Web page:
Infertility and Righteous Women: Genesis 18.1–15, 21.1–7

Infertility & the Company of Righteous WomenDelivered at Ames UCC on September 20, 2015
© The Rev. Eileen Gebbie

Sermons are written to be heard rather than read.
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Sarah’s story can be among the very hardest for women who are struggling with fertility.

Pregnancy, for the majority of women, comes without much effort. Have sex with a fertile man at the right time of the month and, nine months later, you have a baby. But it is not that easy for all women. Not all women’s bodies are able to carry every pregnancy to term.

Current data from the National Institutes of Medicine show that 15–20% of women who know they are pregnant will lose that pregnancy. That’s a pretty large percentage, and one that begs the question of why the church has not yet developed good rituals for such losses.

And not all women’s bodies are able to become pregnant. Medicine has, thankfully, developed a variety of interventions to help the body along. But such interventions require money or health insurance, as well as the flexibility to work with both physicians’ schedules and that of the body. So lower income women may not be able to benefit from medicine’s progress.

Either way, for women who are having a hard time becoming or staying pregnant, the process of making a child can become quite sorrowful, if not completely clinical. Sex may become a chore, a mechanical practice, rather than a joy or a spontaneous act of mutual care and nurturance.

Maybe we hear a little of that in today’s story when Sarah, who undoubtedly tried for decades to have a child with Abraham, says “…can I still enjoy sex?” And maybe those among us today who have dealt with infertility and the loss of a pregnancy can relate to Sarah when she laughs to herself—or snorts with disbelief—at some guys from the desert saying she will have a child within a year.

But that may be where the commonality ends. For in a year’s time, the story goes, Sarah does have a child, Isaac. At age 80, it’s a miracle! Despite all biological barriers to pregnancy, for Sarah, God has made a much desired, much abandoned dream come true.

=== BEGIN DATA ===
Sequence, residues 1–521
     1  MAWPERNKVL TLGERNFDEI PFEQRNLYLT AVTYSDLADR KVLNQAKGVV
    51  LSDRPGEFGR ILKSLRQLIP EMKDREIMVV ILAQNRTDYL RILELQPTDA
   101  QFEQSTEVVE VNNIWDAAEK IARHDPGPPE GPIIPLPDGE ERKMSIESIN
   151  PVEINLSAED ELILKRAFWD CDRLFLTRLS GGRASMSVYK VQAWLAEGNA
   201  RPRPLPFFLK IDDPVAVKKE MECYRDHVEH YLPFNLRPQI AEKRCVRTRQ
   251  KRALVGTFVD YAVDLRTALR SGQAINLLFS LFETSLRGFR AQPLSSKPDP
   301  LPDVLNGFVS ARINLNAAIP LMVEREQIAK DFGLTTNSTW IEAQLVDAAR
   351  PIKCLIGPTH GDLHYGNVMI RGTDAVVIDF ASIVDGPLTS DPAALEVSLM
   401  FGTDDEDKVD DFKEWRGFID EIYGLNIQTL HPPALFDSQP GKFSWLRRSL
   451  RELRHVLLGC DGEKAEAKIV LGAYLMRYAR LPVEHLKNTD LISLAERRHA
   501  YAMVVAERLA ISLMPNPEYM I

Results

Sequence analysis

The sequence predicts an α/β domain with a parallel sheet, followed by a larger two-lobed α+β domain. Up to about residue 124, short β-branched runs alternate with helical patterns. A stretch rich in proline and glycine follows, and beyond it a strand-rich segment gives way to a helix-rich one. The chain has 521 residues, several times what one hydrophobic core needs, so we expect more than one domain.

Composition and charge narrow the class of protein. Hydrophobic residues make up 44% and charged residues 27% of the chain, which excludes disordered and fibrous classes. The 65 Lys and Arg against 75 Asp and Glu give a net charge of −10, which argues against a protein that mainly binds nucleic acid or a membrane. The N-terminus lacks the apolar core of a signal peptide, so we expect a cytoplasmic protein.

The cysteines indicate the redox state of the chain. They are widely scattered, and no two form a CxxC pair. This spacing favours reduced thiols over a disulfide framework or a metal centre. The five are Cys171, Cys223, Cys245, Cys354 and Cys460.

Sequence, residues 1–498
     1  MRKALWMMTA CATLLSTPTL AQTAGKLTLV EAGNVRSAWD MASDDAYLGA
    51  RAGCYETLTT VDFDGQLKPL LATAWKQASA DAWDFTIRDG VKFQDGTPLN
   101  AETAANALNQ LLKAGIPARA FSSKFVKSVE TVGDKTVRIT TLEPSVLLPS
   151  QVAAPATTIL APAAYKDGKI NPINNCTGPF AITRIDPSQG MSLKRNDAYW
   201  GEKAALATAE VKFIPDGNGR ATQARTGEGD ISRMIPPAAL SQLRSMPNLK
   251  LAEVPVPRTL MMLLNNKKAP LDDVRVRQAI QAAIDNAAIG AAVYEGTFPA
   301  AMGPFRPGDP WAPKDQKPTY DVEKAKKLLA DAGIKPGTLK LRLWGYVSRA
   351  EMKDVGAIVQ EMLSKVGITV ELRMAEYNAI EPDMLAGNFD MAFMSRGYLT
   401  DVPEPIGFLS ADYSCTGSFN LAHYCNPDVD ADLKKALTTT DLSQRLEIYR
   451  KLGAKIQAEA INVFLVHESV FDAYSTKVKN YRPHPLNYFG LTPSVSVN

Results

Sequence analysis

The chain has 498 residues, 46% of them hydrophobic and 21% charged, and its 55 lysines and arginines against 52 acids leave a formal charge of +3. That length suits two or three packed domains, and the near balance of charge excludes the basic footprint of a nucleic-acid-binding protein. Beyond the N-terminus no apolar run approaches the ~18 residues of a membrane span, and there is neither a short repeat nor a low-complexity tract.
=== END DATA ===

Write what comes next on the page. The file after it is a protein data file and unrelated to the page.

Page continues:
Which is a dangerous portrait of God. It sets God up as a capricious magician. Gone is the God who was so worried about humanity’s loneliness in Genesis. Enter a miracle worker that plays favorites.

Now I know that there is good reason to not read this story literally. For one thing, Sarah’s and Abraham’s advanced ages are, as in other places in the Hebrew Bible, signs of their importance. It’s like an honorific. So if they were not really that old, then we can read the pregnancy as something else.

We can read Sarah’s story as a metaphor: Faith breeds abundance; faith breeds stability; faith breeds the future. In that case, God is not a judging interventionist but a willing partner.

Yet if you are deep into the real struggle to make new life, it can be really hard to stick with metaphor. The familiar physical reality of Sarah’s infertility is what resonates, as well as God’s apparent ability to reverse that infertility at will.

The danger comes, in that it may leave women feeling judged and inferior: “Well, God chose Sarah because she’s special. I’m not that special.” “Well, if God could will Sarah into pregnancy, it must be God’s will that I not get pregnant.”

And so a wedge forms, a wedge between the yearning-to-be-mother and the withholding-of-fertility God. The hierarchies that Jesus worked so hard to eliminate are re-established, with those unable to conceive and carry at the very bottom.

I understand my job as preacher teacher to be one who names God’s good news. What is the good news of our scripture? Not necessarily the easy or even comforting news, but the news that will lead us closer to that naked and unembarrassed Eden that is beloved community?